A strong and stable society requires a basic bond between government and its citizens. This is a foundational bond. A bond that cements trust between government and citizens, and allows for a sustained, beneficial return shared equally between each. This is a building block for a long-term, healthy society. That bond is honest money. Money that does not change in value. Money that is neither subject to inflation or deflation. This is government’s promise to the citizenship that a dollar earned will be worth a dollar in value. That a dollar today will retain the same value at any time in the future. That government will remain honest with its citizens, and can demand in return that citizens’ are honest in their remittances to fund government. Without this bond, trust is lost and over time society begins to fray. Over a long enough period, society will breakdown.
What is honest money? Money linked to something real whose value does not change. Over the history of mankind, gold has proven that its value remains stable. When governments link their currency with gold, their currency’s value remains as good as gold. Great Britain began their gold standard in 1694 and it lasted until 1914. Over this period prices remained stable. Great Britain built an empire. The value of the British currency was so stable and trusted that in 1751 the Bank of England issued Consol bonds—bonds of unlimited duration or perpetual bonds. Hamilton put the U.S. on a gold standard in 1789 and it lasted with minor deviations until Nixon ended Bretton Woods in 1971. This monetary foundational bond established between our Founding Fathers and its citizenship for over two centuries, propelled the U.S. to the top of the global economic pyramid. By the mid 19th century, every major nation was on a gold standard. This was a period of tremendous global growth, industrialization, and progress. The world’s citizens enjoyed a rare era of governments promoting honest money, and the returns rebounded in rapid advancement of the human race.
Adam Ferguson in his excellent book, When Money Dies, describes the societal effects of the death of honest money under Weimar Germany’s hyperinflation. Weimar Germany was a hyper-advanced laboratory of the effects of dishonest money, but its tale is no less applicable to the slow death of honest money which the world is in the process of experiencing today. The death of honest money in Weimar Germany resulted in various segments of society benefiting or being hurt in unequal degrees. Speculators initially benefited while the rapid inflation wiped out pensioners and savers. Organized unions were able to negotiate relief while salaried employees, small business owners, and individuals bore the brunt of the inflation. Weimar hyperinflation eventually turned society against each other. Starving city dwellers attacked rural farmers who withheld their production from the marketplace as the currency became worthless. Speculators, many of whom were Jewish, were blamed for profiting and this set the stage for what was to come a decade later. The end result of Weimar Germany’s hyperinflation was complete societal breakdown.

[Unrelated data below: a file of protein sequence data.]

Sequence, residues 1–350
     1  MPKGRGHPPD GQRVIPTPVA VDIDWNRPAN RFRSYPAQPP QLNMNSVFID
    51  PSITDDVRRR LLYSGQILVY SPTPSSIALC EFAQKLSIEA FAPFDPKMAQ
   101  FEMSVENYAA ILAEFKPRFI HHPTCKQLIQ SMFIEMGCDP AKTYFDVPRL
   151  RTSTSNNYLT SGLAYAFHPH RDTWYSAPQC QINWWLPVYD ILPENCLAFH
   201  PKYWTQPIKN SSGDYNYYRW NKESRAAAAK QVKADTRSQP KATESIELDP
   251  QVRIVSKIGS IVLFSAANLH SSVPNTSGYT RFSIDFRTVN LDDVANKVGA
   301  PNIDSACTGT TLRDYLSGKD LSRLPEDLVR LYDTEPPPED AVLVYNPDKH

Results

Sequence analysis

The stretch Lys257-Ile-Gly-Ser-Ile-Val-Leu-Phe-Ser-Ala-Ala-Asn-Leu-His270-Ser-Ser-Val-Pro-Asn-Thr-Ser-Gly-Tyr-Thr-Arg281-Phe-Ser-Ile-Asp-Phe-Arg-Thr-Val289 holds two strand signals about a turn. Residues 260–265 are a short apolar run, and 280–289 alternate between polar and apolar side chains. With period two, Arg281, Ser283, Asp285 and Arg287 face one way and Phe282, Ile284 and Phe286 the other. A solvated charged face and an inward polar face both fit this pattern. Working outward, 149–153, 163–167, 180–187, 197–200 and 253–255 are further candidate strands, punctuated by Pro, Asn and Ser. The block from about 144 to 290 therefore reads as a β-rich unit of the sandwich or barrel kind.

Today we are witnessing the slow motion breakdown of societies. We are at the 45 year mark of the world’s experiment with dishonest money. This began in 1971 when Nixon ended the international monetary system established at Bretton Woods in 1944. Prior to 1971, there has never been a period in history where all nations severed their currency’s link with gold. Today, all governments that issue currency backed by nothing other than the whim of central bank managers are cheating their citizens of the fruits of their labor and reneging on the societal bond of honest money. The Federal Reserve has a stated goal of 2 percent annual inflation. Compounded over 20 years, 2% inflation is a 50% monetary devaluation. The Fed has stated its policy goal is to cheat Americans out of 50% of their earnings and savings over the next two decades. Unfortunately, a clueless Fed that has admitted it no longer understands inflation is certain to make things much worse. With such stated policy, why should citizens in return not use any method possible to shelter their devalued income and savings from the clutches of dishonest government. Society breaks down with this cause and effect.
This is not an argument that a return to a gold standard is a cure-all for society’s ills. But a return to honest money, coupled with sane fiscal policy of low taxes and limited government, will return economic growth. Economic growth lifts all boats, which is a pressure relief valve for society. Societal tensions built-up over 45 years of dishonest government monetary policy that unfairly selects winners and losers, pits the haves against the have-nots, and cheats citizens of the fruits of their labor, can begin to normalize.